We report a case of 24-year old female victim of traffic accident, suffering severe traumatic injuries- intracerebral and brainstem bleeding and contusions, together with femoral fracture, in which intensive care management simptoms suspicious to parathyroid carcinoma have been observed. Further imaging, laboratory findings, and clinical signs confirmed diagnosis. Surgery, with „en bloc" excision of the node together with adherent tissue has been performed. Definite histopathology finding approved parathyroid carcinoma. Clinical signs and laboratory findings normalized in the next period, and patient was discharged from our intensive care.
This case indicates that close monitoring of clinical signs, biochemical findings together with imaging modalities available, help not to miss such rare diseases, which might be masked by primary trauma.
Key words: polytrauma, parathyroid gland, carcinoma, treatment
Delayed presentation of a traumatic diaphragmatic hernia (Views : 2445 times)
Delayed presentation of a traumatic diaphragmatic hernia is an infrequent condition with a high mortality and morbidity rate. This case describes a 26-year-old man presenting with a 2-day history of cramping abdominal pain, dyspnea, nausea, and vomiting. The patient reported a penetrating thoracic injury one year prior to the development of clinical signs. Computed tomography revealed the presence of empyema or parapneumonic effusion of the left hemithorax. Based on the clinical history and physical findings, a diaphragmatic hernia was considered and an emergency laparotomy with segmental resection of strangulated jejunum and reduction of remaining bowel was performed. A 1.5 cm tendinous defect was identified and repaired. The patient recovered and was discharged uneventfully.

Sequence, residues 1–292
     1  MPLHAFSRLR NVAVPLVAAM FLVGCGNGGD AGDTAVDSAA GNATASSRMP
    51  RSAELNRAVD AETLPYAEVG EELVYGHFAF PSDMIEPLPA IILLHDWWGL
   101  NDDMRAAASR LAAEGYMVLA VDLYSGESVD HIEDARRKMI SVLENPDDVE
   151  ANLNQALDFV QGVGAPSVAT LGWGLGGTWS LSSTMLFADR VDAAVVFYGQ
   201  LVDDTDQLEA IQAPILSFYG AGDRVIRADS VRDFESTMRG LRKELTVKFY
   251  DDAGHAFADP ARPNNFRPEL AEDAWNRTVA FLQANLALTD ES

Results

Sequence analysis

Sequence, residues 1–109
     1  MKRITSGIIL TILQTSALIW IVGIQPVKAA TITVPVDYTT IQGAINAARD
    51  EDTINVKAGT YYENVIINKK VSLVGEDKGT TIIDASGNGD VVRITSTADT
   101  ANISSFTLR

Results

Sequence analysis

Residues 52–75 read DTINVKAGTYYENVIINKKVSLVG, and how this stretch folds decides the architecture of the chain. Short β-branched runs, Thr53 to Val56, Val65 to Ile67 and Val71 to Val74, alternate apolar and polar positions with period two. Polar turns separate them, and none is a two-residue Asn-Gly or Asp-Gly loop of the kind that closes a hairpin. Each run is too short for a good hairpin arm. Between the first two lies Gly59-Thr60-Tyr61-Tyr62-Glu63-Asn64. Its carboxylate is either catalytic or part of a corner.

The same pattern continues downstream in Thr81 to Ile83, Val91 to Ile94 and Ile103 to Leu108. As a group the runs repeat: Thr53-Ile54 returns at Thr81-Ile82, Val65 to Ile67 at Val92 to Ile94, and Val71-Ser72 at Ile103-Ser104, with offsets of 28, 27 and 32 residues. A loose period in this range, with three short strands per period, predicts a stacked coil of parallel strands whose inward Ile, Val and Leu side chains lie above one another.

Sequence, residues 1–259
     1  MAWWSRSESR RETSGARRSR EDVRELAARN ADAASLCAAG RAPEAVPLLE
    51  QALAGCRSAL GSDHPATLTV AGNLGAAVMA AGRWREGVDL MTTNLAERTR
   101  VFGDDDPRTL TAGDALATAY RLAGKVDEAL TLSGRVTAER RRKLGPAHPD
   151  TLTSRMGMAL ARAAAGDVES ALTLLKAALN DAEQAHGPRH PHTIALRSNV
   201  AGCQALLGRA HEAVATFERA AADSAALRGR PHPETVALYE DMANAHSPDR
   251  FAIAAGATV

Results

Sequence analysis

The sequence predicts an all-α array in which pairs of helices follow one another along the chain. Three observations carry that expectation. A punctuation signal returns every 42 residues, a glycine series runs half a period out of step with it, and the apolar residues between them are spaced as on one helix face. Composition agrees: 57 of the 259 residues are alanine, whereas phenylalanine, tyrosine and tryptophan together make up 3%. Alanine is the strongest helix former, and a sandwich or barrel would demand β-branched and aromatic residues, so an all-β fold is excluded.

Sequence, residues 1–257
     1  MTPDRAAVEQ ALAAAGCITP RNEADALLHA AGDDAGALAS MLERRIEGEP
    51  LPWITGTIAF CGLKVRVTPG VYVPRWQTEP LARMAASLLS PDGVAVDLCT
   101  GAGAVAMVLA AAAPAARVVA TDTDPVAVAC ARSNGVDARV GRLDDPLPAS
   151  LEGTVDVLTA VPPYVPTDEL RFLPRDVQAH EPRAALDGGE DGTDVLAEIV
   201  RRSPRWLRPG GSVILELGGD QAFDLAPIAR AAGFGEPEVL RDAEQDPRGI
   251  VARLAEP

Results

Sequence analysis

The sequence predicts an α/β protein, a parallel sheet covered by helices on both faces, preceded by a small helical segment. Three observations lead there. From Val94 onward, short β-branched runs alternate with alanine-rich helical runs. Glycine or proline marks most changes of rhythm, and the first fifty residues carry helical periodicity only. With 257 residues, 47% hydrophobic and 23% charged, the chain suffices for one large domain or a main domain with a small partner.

Conclusion: the early recognition of a delayed diaphragmatic hernia contributed to the uneventful recovery of this critically ill patient.
Key words: traumatic diaphragmatic hernia, penetrating thoracic injury, helical computed tomography, emergent laparotomy, tendon defect
Platypnea-orthodeoxia-like syndrome in a septic newborn with late appearance of right congenital diaphragmatic hernia (Views : 1506 times)
Introduction. Cyanosis and dyspnoea with interatrial shunting of blood occurring without change in body position are termed platypnea-orthodeoxia-like syndrome.
Case presentation. We describe a female newborn with sepsis, who developed cyanosis. Two weeks after the initial appearance of cyanosis she presented with a right-sided diaphragmatic hernia, which was not seen on the initial X-rays. The hernia was surgically repaired. Her postoperative course was uneventful.
Conclusions. In our case, interatrial shunting of blood was presumably caused by disturbed intrathoracic pressures. Positive pressure ventilation and sepsis may also contribute to the development of such a syndrome.
Key words: cyanosis, right-to-left shunt, infant, sepsis, congenital diaphragmatic hernia